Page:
|Author: ||G.V. Jones|
|Keywords: ||climate, frost, growing season, degree-days, viticulture, grapes, wine|
Climate is a pervasive factor in the viability of all forms of agriculture and is never more important than with the cultivation of grapes for the production of wine.
In the Western United States grapes are grown over an extensive north-south gradient of climate types.
In addition, grapevines are typically grown in regions and under conditions that are considered narrow for a specific cultivar’s optimum quality, ultimately putting it at a greater potential risk from climatic variations and change.
Therefore, to examine the structure, variability, and trends in climate in the Western United States, this research analyzes growing season average temperatures and degree-days, annual and seasonal frost frequencies, the dates of last spring and first fall frost occurrence, and the length of the frost-free period for the principal grape growing regions in California, Oregon, and Washington from 1948-2002. Results reveal that, on average, most regions have experienced warmer growing seasons, driven mostly by changes in minimum temperatures, with greater heat accumulation, a decline in frost frequency that is most significant in the spring, earlier last spring frosts, later first fall frosts, and longer frost-free periods.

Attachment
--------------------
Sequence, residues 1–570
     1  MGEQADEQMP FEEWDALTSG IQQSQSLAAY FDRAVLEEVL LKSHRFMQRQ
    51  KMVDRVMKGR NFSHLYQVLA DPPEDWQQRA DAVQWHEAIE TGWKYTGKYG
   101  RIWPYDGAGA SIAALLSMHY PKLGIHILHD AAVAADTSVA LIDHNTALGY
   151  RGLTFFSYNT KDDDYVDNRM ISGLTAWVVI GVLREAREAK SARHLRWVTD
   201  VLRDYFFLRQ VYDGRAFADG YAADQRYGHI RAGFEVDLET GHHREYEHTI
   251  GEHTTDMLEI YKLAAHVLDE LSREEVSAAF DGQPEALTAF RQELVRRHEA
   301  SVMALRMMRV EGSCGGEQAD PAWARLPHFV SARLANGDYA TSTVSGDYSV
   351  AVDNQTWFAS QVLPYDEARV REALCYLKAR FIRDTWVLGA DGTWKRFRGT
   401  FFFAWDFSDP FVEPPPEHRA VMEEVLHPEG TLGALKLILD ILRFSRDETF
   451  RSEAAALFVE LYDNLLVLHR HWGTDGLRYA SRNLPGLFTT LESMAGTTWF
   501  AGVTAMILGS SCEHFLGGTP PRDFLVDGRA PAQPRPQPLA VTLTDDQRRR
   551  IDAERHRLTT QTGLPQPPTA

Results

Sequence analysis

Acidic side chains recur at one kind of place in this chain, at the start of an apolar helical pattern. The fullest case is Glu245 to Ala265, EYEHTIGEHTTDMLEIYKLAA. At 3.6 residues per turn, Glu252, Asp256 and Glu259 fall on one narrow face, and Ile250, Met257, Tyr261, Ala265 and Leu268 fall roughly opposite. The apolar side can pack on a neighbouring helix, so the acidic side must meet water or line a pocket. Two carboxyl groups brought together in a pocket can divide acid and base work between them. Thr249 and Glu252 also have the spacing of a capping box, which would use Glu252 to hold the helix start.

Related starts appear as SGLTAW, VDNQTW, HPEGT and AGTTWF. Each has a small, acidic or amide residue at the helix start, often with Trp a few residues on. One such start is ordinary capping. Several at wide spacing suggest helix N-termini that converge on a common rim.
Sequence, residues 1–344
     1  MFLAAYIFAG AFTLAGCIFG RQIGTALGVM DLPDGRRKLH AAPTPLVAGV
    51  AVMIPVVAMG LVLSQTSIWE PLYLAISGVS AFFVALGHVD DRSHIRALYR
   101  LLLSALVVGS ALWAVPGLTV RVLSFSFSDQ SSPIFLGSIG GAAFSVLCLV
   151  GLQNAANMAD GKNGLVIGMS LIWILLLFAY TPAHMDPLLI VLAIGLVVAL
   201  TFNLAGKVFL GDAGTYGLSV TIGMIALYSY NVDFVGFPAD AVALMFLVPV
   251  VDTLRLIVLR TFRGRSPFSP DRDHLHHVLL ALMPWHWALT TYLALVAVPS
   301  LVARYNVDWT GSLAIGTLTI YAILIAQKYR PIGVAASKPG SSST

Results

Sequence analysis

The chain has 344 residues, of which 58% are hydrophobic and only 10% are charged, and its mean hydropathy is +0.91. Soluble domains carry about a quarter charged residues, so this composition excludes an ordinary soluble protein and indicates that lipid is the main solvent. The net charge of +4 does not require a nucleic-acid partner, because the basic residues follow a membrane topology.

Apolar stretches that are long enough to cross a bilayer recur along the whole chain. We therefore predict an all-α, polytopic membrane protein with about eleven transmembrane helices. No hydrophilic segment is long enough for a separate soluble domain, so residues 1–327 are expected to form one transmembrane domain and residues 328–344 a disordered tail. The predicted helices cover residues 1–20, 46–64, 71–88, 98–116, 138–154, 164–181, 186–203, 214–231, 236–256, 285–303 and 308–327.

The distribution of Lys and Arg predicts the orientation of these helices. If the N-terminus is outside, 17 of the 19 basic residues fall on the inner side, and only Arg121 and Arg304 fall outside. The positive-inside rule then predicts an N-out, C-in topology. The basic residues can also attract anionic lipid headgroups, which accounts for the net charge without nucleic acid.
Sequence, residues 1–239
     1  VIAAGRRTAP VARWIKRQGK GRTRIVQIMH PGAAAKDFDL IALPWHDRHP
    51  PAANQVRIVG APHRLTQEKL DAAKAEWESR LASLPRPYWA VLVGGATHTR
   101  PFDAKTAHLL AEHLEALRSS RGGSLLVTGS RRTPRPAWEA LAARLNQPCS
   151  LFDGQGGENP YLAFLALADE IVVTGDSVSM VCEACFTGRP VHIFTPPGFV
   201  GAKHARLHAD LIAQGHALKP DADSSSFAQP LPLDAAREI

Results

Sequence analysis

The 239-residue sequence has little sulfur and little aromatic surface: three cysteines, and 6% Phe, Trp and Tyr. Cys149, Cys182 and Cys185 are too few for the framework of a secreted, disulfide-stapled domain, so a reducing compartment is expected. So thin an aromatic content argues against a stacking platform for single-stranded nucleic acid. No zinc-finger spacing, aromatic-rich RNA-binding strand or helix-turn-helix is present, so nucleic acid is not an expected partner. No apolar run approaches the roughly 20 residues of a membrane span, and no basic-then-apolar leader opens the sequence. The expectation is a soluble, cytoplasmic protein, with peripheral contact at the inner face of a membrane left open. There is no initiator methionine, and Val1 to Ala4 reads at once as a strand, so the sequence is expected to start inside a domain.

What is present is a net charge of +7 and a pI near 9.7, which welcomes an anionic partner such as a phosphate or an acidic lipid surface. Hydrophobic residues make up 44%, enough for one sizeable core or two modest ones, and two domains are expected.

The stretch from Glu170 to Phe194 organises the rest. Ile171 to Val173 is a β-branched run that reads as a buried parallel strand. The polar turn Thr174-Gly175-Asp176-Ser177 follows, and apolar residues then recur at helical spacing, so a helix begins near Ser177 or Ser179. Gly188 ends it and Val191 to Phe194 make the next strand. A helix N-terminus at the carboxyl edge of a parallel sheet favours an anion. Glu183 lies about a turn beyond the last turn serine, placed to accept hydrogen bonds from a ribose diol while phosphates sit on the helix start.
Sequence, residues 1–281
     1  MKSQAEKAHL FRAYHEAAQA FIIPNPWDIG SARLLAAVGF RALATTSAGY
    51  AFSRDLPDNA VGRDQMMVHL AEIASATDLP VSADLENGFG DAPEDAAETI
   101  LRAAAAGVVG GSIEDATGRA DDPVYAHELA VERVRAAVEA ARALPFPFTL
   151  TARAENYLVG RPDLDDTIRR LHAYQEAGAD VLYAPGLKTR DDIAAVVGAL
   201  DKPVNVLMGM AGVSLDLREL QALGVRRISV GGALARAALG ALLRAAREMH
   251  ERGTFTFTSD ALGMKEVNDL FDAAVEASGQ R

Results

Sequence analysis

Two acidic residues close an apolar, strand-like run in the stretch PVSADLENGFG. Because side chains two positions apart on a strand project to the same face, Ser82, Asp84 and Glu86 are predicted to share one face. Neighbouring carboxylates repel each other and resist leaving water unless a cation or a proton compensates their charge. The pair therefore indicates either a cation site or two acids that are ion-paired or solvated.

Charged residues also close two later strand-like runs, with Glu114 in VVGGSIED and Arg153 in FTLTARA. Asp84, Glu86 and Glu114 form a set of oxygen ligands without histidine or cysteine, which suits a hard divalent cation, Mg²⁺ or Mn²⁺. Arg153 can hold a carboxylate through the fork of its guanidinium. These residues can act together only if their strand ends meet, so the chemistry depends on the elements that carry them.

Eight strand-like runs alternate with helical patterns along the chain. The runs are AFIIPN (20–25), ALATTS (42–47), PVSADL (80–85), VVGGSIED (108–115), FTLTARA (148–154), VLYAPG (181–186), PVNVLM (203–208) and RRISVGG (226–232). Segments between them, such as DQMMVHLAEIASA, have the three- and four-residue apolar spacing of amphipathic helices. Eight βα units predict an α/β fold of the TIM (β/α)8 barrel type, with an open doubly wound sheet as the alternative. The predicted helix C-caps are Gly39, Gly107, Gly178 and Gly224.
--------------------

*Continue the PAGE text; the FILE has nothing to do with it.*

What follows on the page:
While many of these trends may have been beneficial to grape growing and wine production in these regions, an examination of possible future climate change in these same regions indicates an average growing season warming of 1.7°C in the next 50 years.
Depending on the seasonal structure and magnitude of climate change in the future, important issues for the wine industry include potential shifts in regional varietal viability and achieving optimum varietal ripeness and wine balance in a warmer environment.
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